Murray River floodplains recognised as hotspot for wildlife
Landholders around the Murray River are permanently protecting their properties to give threatened plants and animals a home forever.
Tom Begley from Natya is one of the latest landholders in the region to negotiate a conservation covenant on his property.
“I got a letter from Trust for Nature about Regent Parrots, then a flock of about 50 of them landed in a tree next to my house! I’d never seen them before, so I thought I’d better let them know,” Tom said.
More than 1300 ha of land along the floodplains of the Murray River has been protected by conservation covenants.
Conservation covenants are voluntary agreements on a property title that enable landholders to protect nature forever, even after the land changes hands.
Eastablished in 1972, Trust for Nature is a not-for-profit organisation which was established to partner with landholders to protect land.
The Trust’s Mallee Conservation Officer, Louise Nicholas, said landholders can play such an important role in looking after the plants and animals that are in the area and making sure they are there for future generations to enjoy.
She said, “There are some amazing properties around the Murray River that have old stands of native trees and shrubs that are worth protecting.
“These old trees often have hollows that parrots will nest in. Tom’s property has great habitat and it also has Spreading Emu-bush which is a rare plant with a beautiful purple flower. We are lucky to have other important native species in this area, like Carpet Pythons, Lace Monitors and Fat-tailed Dunnarts, a very cute, pint-sized predator related to quolls and the Tasmanian Devil,.”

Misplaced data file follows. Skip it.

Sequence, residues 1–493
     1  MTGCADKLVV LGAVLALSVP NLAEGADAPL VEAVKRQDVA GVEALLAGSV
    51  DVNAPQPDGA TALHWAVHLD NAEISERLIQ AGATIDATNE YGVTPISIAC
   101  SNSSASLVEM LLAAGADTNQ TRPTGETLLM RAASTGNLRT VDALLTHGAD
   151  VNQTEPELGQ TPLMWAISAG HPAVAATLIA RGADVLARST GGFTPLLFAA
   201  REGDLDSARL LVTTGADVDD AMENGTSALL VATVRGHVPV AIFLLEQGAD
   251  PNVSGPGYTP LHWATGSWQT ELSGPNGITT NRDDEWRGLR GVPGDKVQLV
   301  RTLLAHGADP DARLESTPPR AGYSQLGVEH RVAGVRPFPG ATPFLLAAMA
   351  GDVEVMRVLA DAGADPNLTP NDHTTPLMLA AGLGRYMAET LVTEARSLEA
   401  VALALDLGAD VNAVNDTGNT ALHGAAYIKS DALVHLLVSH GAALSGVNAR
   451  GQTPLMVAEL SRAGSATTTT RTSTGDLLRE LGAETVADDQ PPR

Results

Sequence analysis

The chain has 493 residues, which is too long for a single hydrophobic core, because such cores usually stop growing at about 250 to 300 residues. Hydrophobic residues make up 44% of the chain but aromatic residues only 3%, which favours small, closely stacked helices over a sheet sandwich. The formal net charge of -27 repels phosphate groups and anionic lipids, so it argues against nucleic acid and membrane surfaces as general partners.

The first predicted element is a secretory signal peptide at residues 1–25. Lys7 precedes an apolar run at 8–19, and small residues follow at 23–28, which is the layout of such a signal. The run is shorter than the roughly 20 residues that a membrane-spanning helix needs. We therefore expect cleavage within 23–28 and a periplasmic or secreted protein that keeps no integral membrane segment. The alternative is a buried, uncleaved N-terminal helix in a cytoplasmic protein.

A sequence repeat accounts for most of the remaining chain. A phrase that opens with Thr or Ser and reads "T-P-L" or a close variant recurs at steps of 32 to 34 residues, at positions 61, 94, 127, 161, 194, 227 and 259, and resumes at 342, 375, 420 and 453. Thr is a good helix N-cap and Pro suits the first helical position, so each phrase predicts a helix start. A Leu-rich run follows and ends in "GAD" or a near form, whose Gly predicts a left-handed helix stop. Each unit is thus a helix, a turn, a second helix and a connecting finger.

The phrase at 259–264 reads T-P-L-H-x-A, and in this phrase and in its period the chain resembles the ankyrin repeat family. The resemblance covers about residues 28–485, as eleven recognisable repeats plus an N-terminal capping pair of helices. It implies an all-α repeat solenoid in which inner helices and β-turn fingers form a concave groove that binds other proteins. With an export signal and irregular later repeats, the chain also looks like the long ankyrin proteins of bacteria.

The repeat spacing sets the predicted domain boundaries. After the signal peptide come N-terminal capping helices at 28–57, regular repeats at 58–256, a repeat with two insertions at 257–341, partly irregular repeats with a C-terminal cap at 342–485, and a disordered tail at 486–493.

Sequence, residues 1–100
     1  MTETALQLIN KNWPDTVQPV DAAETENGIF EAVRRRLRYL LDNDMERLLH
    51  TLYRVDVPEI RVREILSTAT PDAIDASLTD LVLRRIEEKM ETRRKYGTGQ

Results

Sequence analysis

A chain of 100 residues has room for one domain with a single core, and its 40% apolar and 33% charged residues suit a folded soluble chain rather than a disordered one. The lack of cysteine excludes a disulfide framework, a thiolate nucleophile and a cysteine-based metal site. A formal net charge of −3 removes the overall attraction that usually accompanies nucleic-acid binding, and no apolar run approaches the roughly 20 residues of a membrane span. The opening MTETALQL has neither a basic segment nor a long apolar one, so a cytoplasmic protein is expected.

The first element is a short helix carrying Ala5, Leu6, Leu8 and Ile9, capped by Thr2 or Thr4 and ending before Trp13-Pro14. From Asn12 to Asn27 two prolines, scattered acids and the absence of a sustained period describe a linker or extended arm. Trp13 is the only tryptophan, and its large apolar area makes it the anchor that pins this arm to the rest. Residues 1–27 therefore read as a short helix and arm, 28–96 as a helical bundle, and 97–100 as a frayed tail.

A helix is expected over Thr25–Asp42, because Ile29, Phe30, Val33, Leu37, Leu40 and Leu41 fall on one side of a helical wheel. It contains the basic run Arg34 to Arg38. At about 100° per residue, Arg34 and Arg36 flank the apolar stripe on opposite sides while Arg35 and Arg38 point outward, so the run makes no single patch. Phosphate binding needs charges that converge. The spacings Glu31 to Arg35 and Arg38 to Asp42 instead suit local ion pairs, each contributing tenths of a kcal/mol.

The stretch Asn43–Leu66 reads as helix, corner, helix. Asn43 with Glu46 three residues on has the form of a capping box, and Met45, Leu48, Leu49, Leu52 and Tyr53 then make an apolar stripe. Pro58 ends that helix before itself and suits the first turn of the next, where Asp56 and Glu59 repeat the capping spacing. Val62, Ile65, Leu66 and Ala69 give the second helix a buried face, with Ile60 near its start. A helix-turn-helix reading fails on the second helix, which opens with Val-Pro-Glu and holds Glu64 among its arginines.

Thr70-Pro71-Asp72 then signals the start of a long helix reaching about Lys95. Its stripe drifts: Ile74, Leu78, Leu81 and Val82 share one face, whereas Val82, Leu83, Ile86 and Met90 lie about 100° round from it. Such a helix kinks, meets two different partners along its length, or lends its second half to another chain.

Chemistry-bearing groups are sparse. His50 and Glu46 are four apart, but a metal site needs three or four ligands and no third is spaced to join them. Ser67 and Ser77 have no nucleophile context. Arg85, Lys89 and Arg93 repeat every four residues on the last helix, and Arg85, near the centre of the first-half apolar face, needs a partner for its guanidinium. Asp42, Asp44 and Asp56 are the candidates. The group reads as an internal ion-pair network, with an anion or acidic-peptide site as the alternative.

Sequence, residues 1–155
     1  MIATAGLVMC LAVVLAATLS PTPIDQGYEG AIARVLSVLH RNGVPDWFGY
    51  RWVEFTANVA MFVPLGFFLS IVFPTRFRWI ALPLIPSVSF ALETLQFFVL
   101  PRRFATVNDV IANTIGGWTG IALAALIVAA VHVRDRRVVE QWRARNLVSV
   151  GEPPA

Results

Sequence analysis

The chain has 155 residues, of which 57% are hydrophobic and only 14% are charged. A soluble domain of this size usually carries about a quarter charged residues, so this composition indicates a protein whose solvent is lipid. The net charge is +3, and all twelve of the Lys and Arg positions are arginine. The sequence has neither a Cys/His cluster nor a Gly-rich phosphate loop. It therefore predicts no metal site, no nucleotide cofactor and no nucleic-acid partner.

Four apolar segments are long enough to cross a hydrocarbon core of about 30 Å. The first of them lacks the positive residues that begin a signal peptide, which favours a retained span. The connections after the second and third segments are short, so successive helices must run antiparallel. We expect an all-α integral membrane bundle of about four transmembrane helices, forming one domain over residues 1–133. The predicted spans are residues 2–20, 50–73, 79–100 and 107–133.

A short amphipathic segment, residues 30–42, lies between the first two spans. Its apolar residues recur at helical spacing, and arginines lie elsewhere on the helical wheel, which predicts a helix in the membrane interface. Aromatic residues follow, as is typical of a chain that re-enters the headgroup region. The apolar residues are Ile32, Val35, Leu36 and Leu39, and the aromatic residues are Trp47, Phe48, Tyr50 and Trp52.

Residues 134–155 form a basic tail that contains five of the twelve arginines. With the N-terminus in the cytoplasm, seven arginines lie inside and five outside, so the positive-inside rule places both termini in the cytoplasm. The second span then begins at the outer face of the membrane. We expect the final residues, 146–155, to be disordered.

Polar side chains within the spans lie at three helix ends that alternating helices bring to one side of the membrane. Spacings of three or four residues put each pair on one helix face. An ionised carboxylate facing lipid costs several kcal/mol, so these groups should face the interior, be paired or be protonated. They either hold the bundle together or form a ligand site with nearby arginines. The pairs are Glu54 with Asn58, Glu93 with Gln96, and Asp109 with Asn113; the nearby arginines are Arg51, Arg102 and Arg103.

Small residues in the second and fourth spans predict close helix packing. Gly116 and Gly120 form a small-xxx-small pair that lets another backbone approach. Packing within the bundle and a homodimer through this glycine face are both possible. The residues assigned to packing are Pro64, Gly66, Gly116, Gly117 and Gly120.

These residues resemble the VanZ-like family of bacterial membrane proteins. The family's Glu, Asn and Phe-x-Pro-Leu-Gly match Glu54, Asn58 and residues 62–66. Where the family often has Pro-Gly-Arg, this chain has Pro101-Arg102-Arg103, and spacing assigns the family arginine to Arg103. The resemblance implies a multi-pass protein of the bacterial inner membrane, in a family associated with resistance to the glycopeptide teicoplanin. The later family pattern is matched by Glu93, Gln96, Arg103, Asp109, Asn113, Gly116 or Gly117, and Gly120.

These species rely on land like Tom’s which act as buffers around state and national parks, creating wildlife corridors between them and connecting the landscape.
”Much of the remaining native bush on the Murray River floodplain is now considered endangered, vulnerable or rare, which is why it’s so important to look after and protect what’s left,” Louise said.
“Conservation covenants can also be placed on farms and we work with many landholders across Victoria who have protected just a part of their property that isn’t used for agriculture. What is protected really depends on their plans and how they use the property.”
Landholders don’t need to pay anything towards the costs of covenanting.
For Tom, the covenant will give him peace of mind knowing that the property’s plants and animals will be protected long after he isn’t there to look after it.
He said, “The nature and the birds and wildlife is the whole reason I moved here, I love living amongst it. I think it’s a good idea to put this covenant on, it’ll make sure that whoever lives here in the future has the same interests at heart.”